The French would say:
"Le bug politique est de retour dans l'arène."
It means, the political bug is back in the arena.
In a game of politics numbers count a lot, just remember that. But not only that, it's about power and loyalty (You don't choose Brutus as Caesar's deputy).
So why would someone who likes to consolidate power be interested in referendum when he can just handpick or do so at his own choosing? Think about it.
See, politics is also about good leadership.
It's about having a great team with clear vision and being in sync with like-minded individuals. It's about doing the right thing at the right time.
It's about pursuing pro-growth policies.
It's about development, improving services and the lives of the people. And it's about producing effective results for the nation and people.
It's common knowledge, that elections in Ghana be it presidential, parliamentary, by-election or even electing a member at the local assembly-level i.e. Assemblyman/woman have almost always been characterised by tension, and skirmishes. Suffice to say, it's become part and parcel of our body- politic. Thus, it appears we've all become used to this phenomenon.
But are Ghanaians really into the forthcoming referendum? If so, what's this fear-mongering that's being churned out by some campaigners?
Would a Yes vote worsen the winner takes all syndrome? No I don't think so. It would rather make the elected officials be accountable to the people. The public official will be answerable to those that gave him the mandate and not the president at the Jubilee House.
Truth be told, I don't think we've lost sight of the fact that we're a nation of politicians.
Yes, I've said it.
Indeed we a nation that breathes and basks in politics. We love politics more than we love our nation and perhaps our own kinsmen.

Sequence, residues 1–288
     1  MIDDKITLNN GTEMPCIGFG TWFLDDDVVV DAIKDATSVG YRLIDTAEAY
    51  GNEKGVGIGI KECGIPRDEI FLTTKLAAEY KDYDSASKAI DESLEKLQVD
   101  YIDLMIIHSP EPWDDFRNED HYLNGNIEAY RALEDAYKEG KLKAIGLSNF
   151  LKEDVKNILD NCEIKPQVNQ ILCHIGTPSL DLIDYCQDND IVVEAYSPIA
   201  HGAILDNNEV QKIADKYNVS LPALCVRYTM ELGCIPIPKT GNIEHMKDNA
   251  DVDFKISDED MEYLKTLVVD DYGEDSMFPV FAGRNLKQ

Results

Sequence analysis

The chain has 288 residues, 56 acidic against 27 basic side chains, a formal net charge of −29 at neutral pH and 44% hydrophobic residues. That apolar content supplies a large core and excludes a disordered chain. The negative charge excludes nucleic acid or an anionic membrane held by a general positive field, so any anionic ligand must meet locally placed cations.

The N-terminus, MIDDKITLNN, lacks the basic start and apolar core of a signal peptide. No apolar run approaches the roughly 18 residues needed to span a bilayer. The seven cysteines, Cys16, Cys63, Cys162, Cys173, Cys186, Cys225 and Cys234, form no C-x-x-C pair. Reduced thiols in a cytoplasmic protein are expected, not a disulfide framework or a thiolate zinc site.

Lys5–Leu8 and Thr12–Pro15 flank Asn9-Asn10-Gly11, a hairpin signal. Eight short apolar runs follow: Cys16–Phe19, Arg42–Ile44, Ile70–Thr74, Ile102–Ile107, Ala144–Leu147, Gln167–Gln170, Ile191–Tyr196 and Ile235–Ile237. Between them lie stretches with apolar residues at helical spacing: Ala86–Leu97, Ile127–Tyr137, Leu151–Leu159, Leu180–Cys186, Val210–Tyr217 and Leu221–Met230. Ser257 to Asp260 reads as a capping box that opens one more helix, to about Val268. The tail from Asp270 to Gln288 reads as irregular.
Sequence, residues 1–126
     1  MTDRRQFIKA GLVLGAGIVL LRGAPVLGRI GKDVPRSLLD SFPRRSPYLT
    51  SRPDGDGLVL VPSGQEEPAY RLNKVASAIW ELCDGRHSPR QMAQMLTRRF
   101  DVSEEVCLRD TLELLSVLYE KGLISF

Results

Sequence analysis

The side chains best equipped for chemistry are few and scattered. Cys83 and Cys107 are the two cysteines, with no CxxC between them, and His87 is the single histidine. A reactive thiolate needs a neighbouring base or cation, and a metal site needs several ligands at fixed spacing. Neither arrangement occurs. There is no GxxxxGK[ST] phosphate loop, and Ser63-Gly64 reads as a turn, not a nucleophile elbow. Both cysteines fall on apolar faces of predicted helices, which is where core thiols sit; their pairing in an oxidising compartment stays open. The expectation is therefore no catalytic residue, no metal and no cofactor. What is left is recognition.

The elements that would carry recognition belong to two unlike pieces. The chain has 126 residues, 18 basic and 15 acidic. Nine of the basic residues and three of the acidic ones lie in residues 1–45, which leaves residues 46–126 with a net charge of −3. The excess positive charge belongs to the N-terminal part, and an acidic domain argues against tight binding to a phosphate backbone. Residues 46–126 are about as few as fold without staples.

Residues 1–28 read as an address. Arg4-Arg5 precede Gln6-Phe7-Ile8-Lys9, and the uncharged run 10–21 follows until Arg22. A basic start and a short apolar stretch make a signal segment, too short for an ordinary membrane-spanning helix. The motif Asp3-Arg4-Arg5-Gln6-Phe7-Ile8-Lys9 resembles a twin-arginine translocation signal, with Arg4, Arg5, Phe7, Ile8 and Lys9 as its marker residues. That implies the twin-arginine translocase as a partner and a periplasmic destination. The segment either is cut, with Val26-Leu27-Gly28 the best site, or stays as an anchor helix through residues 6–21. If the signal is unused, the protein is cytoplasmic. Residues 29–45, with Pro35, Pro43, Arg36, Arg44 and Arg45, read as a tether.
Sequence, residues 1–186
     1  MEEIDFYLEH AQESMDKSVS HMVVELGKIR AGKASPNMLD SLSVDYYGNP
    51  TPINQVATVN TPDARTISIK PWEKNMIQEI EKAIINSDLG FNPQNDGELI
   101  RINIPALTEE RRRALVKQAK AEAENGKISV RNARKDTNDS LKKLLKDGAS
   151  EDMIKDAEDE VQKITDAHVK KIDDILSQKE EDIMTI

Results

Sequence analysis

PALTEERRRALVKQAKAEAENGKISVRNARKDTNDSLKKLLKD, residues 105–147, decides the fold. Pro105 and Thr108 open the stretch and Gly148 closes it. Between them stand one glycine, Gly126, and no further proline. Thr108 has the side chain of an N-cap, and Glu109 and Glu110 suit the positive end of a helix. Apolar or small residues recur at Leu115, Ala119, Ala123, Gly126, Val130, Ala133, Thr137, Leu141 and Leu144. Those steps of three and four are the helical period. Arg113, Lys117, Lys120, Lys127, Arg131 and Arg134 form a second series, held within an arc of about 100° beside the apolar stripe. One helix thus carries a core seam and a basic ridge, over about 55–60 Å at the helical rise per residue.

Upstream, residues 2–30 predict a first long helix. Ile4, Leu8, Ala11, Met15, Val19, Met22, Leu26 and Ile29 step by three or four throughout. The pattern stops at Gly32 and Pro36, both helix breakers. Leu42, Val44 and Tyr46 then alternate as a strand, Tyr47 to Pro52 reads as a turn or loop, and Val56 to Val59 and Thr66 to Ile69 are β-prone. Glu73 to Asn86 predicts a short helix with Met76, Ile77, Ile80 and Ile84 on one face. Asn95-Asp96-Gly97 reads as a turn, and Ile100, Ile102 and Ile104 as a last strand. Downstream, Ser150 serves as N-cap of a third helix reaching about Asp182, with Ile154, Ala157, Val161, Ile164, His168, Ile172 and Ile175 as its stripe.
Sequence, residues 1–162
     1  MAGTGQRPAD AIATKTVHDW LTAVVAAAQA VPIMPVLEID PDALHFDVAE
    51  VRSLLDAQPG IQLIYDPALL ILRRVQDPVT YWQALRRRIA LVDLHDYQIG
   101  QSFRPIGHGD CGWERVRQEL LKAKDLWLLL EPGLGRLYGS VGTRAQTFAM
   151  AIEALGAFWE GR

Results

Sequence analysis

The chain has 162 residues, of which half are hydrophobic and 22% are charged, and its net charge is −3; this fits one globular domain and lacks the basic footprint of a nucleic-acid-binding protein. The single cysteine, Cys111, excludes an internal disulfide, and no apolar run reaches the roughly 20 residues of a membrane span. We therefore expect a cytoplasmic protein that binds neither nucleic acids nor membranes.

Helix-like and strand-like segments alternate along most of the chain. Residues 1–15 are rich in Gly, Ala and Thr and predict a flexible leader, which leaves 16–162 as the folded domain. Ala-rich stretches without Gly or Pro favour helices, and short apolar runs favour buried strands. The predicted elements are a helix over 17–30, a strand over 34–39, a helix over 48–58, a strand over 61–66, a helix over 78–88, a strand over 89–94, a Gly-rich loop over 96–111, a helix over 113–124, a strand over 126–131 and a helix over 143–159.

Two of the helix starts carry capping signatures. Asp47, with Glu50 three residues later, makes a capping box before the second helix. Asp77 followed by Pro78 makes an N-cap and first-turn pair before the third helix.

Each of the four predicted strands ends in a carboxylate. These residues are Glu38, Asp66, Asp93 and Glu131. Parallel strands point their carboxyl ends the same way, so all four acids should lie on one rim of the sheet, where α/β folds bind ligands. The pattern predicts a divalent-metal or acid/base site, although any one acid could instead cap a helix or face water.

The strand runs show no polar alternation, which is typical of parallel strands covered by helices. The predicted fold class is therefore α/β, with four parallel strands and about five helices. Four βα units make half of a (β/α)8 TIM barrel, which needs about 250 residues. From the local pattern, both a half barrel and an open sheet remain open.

Possibly that explains why we've serial-callers masquerading as political connoisseurs, and vigilante groups like Delta and Azoka Boys tormenting the citizenry.
Politics has eaten deep into our moral fibre.
And as a people we've oft' turned to denigrate or bastardise that which is even good and worth pursuing.
Given the current trend, I hold the view that campaigners that are able to present strong evidence such as facts and statistics, including statements of authorities and research findings would win the December 17, Yes and No polls.
However, this must also be backed by concrete reference and reasonable examples as well as anecdotes that would enhance the argument either for or against.
My fear though, is that I am unsure whether those that are employing pathos in the ongoing conversation or debate would be able to win the hearts and minds of the voters. And whether they would also be able to change voters who might've probably made up their minds to sway from say left or right.
The reason, this element aims to convince the audience by appealing to human emotions. Emotions such as sympathy, anger and sadness rather than tackling issues of substance.
Thus, I think the way to go is for the actors to come out with compelling arguments and use Logos (appeal to logic reason) and Ethos (appeal to credibility).
Yes I get it. I buy the argument presented by the 'No Campaigners' and some political parties, especially, NDC and NPP.
That the two dominant parties would muddy the political waters. Or hijack the process. Isn't that obvious?
Would one forbid himself from drinking water because one had lost his/her child in a river?
Aren't we already doing that? Are we implying that we don't know them by the fruits they bear or the colours they wear?
In this country, some individual pastors have become political pundits. They've the eyes to see who's winning and who's losing. Yet they've never predicted anything about economic growth.
And what about the traditional rulers?
Some of our enviable chiefs/kings and queens are enviably in bed with politicians, though the 1992 Constitution debars traditional rulers from indulging in active politics.
Who isn't in this game?
Is it traders, teachers, farmers, spare parts dealers at Kokompe or Magazine?
Is it the police, immigration, or the military officer?
So why the fuss?
Perhaps, it's because we haven't as a nation experimented, the election of
Metropolitan, Municipal and District Chief Executive ( MMDCE's).
But how different is this from the district assembly elections or the others?
Don't we know ourselves?
Don't we know, who we are and what we juggle?
On Tuesday 17, December that arguably landmark event will take place and the good people of Ghana will decide whether the local government system should become partisan or not.
And what does it really mean?
For example, a Yes vote would mean vesting administrative authority in a directly elected Mayor or DCE.
The mayor's responsibilities among others, will enjoin him to primarily to preside meetings and act as head of the city.